Despite an emphasis on realism and well-documented scandals, including brutality, corruption and charges of 'institutionalised racism', the television image of the police is still dominated by the traditional male sleuth in a suit, sometimes avuncular, sometimes grumpy. Not surprisingly, the message of most British police fiction series is still that crime does not/must not pay. Both image and message would not be out of place in the 1950s.

Recent efforts to introduce new series and formats, including ITV's M.I.T.: Murder Investigation Team (2003-), Murder City (2004-) and Murder in Surburbia (2004), have met with mixed responses from critics and audiences alike, despite their determination to present professional, modern and female alternatives. Only The Bill currently attempts to cover uniformed policing. Police cooperation is important in the production of long-running series and this may deter broadcasters and programme-makers from incurring their wrath. Unorthodox, violent and/or corrupt police officers may abound in the cinema but these days we are, it seems, less keen to welcome them into our living rooms.

Sean Delaney

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Thumbnail image of Bergerac (1981-91)

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Thumbnail image of Bill, The (1984-2010)

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Police drama series set in London

Thumbnail image of Chinese Detective, The (1981-82)

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Thumbnail image of Cracker (1993-95, 1996, 2006)

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Thumbnail image of Dixon of Dock Green (1955-76)

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Awesomely successful police series, running for over 20 years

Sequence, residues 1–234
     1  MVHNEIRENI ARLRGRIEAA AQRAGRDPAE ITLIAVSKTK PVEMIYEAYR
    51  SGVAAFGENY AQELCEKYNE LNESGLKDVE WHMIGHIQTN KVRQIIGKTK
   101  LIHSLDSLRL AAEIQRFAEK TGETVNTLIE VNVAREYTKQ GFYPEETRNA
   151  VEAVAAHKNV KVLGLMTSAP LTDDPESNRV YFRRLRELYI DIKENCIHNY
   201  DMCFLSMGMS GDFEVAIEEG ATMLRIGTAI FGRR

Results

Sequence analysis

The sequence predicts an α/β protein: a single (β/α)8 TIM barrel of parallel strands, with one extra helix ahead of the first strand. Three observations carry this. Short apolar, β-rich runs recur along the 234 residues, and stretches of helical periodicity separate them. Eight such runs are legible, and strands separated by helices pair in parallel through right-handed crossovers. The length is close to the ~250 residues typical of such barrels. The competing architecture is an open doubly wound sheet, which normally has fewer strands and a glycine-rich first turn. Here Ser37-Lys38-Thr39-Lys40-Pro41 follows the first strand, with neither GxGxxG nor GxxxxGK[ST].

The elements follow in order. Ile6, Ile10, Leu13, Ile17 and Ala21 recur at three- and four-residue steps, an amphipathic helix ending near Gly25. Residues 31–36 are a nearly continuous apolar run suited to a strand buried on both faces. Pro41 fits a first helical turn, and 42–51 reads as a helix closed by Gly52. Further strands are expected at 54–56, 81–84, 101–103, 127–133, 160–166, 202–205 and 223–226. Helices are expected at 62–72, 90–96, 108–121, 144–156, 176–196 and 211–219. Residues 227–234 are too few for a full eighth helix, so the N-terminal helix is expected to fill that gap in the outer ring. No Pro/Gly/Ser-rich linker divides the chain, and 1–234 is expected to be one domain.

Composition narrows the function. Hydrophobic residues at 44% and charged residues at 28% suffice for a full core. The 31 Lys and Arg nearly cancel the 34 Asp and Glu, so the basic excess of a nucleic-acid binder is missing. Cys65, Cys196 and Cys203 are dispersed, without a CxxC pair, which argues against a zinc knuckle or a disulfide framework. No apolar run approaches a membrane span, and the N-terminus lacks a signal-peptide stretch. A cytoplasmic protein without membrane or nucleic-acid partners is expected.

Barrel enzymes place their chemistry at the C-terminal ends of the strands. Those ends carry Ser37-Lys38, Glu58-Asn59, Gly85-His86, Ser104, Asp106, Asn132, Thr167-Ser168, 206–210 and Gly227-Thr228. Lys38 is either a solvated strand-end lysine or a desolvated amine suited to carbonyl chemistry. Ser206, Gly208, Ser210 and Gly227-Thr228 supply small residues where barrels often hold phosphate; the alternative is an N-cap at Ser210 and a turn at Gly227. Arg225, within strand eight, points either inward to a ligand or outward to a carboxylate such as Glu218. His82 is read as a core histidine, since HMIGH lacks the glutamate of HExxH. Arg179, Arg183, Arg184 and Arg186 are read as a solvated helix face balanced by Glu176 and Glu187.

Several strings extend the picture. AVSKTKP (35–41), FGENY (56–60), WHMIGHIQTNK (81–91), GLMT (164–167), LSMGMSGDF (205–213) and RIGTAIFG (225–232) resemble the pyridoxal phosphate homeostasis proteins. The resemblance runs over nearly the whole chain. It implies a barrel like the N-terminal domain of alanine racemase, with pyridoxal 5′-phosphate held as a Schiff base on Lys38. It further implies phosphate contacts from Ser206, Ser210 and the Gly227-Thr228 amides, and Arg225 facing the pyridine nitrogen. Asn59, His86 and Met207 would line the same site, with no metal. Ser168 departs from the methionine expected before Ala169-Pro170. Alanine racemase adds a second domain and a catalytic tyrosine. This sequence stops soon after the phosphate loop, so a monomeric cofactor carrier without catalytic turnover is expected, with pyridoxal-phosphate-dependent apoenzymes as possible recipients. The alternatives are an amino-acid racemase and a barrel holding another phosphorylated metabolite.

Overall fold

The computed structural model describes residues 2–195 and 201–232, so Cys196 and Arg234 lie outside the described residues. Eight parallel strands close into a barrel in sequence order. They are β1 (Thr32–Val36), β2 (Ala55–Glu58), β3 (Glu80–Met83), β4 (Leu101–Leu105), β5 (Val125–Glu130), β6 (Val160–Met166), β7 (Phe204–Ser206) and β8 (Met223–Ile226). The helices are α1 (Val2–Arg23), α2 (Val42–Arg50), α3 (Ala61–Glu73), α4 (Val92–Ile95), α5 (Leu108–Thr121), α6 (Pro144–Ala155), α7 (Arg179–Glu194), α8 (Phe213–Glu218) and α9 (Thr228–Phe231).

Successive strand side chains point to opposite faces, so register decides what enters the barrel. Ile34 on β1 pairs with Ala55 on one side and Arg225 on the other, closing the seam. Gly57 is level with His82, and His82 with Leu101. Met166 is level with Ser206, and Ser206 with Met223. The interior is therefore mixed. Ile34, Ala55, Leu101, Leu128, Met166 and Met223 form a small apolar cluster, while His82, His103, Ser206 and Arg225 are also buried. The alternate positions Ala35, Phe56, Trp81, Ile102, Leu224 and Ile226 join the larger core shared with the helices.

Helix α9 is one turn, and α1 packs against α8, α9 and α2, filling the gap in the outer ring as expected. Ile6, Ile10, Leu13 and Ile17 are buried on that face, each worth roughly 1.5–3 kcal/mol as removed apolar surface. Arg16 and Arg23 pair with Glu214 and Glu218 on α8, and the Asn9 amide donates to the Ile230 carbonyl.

Thumbnail image of Fabian of the Yard (1954-56)

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British TV's first successful police hero

Thumbnail image of Gentle Touch, The (1980-84)

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Thumbnail image of Hamish Macbeth (1995-97)

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Thumbnail image of Inspector Morse (1987-2000)

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Thumbnail image of Juliet Bravo (1980-85)

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Drama featuring a female police inspector in an all-male police station

Thumbnail image of Life on Mars (2006-07)

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Thumbnail image of No Hiding Place (1959-67)

No Hiding Place (1959-67)

Police drama following the cases of Scotland Yard's DCS Lockhart

Thumbnail image of Othello (2001)

Othello (2001)

Contemporary update, with Othello as the Met's first black head

Thumbnail image of Prime Suspect (1991-2006)

Prime Suspect (1991-2006)

A female detective confronts tough cases and prejudiced colleagues

Thumbnail image of Sweeney, The (1975-78)

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Tough 1970s police drama with John Thaw and Dennis Waterman

Thumbnail image of Taggart (1985-)

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Veteran Glasgow-set police drama, that outlived its first star

Thumbnail image of Touch of Frost, A (1992-)

Touch of Frost, A (1992-)

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Thumbnail image of Wolcott (1981)

Wolcott (1981)

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Thumbnail image of Z Cars (1962-78)

Z Cars (1962-78)

Groundbreaking cop drama introducing new grit and realism